So - given that I have nothing to add to the general discourse about Obama, gay marriage, the economy, the wars in Iraq and Afghanastan - where does that leave me, as a blogger, if not, truly, de-blogged?

The answer came from one of you, my trusty (and I gather rather patient) readers. "But what about your subtitle?" one of you asked, in an email I would describe as more plantiff than an Akita's wail... (10 points for the reference)...

Ah, the subtitle: A Producer's Two Cents, Because He Can.

The key word there is Producer. "What can you tell us about being a Producer?" the email went on. Is it harder these days, with the economy in, you know, whatever the hell it's in that doesn't have a good name yet?

Short answer: Yes.

In a hit driven business, buyers don't want to buy things unless they think they will turn into hits. And how do they know what will be a hit? They don't. But if it looks like something that's a hit, or been a hit, they will get more excited. Problem: then the show is too similar to something else, a retread, and they don't want retreads. It's a pretty narrow pathway between these two positions....

But as a Producer, we carry on -- we have to. Otherwise we wouldn't be producers.

John F. Kennedy was the one who best described the mentality you have to have as a producer. (It was probably while Kennedy was producing Mr. Ed in Hollywood....) He said you have to imagine that you are walking through the jungle, on the trail of a lost city of Gold that you are sure is just fifty miles away. Suddenly, you come to a high wall. There's no way around it. You can't dig under it. You can't get over it. Your destination is on the other side of the wall. The question is: what do you do? Turn back? Admit failure? Cut your losses and live to fight another day?

No. The way to get to the city of gold is to throw your hat over the wall. After all, it's your favorite hat, and you can't just leave it out here in the jungle. If only to retrieve your hat, you now have to find a way to get over the wall.

It's not necessarily the most sensible way to be, but if you feel that way, you're probably in the right business.

Thursday, January 29, 2009

The best title for this film is...

Ah, titles.

Is 'The Sound of Music' a better title than 'Ishtar'? What about 'Gone with the Wind' vs. 'Heaven's Gate'? Is 'Tootsie' any better than 'Mrs. Doubtfire,' really?

And yet... and yet...

When you have a good one, a selling one, you tend to know it. For instance, I think we have three really great titles on board at my company now, three 'yep, I get it, and I want to watch it' titles:

* Goldtown

* Mother Knows Sex

* The World Without...


With all of those, the title pretty much says it all, or at least says enough to intrigue the viewer a little bit. Those three titles sell. Those three titles work.

And then there's the cycling film.

Here's the deal: it's a two hour documentary, which will air on the Sundance Channel this June, about a year in the life of an underdog American cycling team that is determined to clean up its scandal-ridden sport and ride to glory in the Tour de France. (First of all, that in itself is not exactly the pithiest description, which could be part of the problem - the film might be trying to do too much... Anyway....)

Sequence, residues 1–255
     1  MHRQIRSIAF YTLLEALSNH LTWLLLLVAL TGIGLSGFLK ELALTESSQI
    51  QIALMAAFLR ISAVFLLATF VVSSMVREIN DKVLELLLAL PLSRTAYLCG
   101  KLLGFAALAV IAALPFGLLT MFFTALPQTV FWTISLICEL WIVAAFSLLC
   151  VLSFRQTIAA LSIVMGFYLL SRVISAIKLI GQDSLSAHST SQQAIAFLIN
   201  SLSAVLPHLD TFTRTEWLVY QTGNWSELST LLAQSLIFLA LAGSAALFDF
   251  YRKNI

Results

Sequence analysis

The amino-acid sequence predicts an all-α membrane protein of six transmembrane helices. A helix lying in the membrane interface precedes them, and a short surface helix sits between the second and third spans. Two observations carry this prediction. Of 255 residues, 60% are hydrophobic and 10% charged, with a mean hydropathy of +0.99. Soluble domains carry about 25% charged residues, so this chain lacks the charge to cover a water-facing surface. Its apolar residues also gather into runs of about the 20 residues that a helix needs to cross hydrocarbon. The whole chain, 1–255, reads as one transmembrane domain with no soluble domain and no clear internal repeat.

We want the film to appeal to cycling fans and non-fans alike (I myself knew nothing about the sport when I started this), and of course, in a perfect world, there would be a cycling term that would fit the bill -- a cycling term that somehow had already entered the lexicon -- something to embody the indomitable spirit exemplified by the riders, or their courage or bravery, or redemption, or the pain all cyclists go through, or something the film speaks to...

You know, something like BREAKING AWAY...

But we don't really have one. There was, initially, a great cycling term called 'Blast the Zone,' which meant something like: you're in that 'athletic zone,' riding as well as you ever have, but now you're spent, you've ridden your all, but your team still needs you, and though you have very little strength left -- from nowhere, like a miracle -- you find strength you didn't know you had -- and you blast the zone and ride to glory.

The problem with that one is, I made it up.

It didn't feel exactly kosher to go with a made-up cycling term in a documentary, especially in one about a bunch of guys who are so committed to, you know, not cheating.

We've cycled through a lot of puns about the sport, believe me, but now that we're nearing the finish line, we've really got to put pedal to the medal and come up with something.

I mean it. The Sundance Channel has rejected several of our offerings, and I can't say I blame them. But a few of our favorites do have some merit, and now we even have a few more.

So I put it to you -- please cut and paste this link and take this poll and help us figure out what to call this film. We're really proud of it. We just don't know what to call it.

http://www.micropoll.com/akira/mpview/534161-136151

(And rest assured, any and all of these films can have a subtitle like 'A Year in the life of an American Cycling Team' or 'A Year in the life of the clean team' - eg, "Breaking the Wind: A Year in the Life of an American Cycling team"...)